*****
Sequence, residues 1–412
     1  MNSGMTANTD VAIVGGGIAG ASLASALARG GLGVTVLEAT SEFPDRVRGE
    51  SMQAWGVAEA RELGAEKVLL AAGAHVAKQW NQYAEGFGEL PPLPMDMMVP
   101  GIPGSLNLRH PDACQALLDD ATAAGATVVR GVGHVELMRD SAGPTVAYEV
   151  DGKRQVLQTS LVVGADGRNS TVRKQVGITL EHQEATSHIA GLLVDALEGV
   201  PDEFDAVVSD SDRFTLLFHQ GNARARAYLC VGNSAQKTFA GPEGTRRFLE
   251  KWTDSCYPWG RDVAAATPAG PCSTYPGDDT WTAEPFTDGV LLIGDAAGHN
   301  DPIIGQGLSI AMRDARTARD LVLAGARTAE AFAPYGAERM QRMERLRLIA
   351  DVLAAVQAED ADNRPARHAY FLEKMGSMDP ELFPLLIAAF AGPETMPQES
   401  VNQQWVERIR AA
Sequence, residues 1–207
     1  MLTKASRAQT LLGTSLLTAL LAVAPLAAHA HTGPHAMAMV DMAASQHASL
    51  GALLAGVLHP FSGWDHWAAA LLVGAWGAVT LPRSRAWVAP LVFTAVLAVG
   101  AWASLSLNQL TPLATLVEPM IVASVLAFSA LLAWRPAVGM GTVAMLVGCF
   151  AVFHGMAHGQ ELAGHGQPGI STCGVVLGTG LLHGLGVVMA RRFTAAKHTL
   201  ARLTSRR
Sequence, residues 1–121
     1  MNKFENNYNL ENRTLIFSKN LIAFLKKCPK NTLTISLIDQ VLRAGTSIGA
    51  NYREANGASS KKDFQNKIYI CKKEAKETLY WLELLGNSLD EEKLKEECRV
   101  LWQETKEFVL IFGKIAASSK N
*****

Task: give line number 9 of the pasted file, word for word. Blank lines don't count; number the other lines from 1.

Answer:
   351  DVLAAVQAED ADNRPARHAY FLEKMGSMDP ELFPLLIAAF AGPETMPQES